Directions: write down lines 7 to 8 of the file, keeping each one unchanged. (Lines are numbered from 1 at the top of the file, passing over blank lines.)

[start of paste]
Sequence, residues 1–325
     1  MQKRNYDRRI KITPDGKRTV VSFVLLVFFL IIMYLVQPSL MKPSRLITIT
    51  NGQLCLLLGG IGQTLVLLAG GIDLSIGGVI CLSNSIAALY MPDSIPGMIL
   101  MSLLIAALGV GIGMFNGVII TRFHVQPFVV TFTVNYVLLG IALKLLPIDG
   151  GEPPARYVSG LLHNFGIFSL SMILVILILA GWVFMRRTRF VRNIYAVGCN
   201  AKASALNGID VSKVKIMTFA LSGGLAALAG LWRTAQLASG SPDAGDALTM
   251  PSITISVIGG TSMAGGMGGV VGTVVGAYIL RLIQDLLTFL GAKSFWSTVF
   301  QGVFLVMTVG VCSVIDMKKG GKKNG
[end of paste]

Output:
   251  PSITISVIGG TSMAGGMGGV VGTVVGAYIL RLIQDLLTFL GAKSFWSTVF
   301  QGVFLVMTVG VCSVIDMKKG GKKNG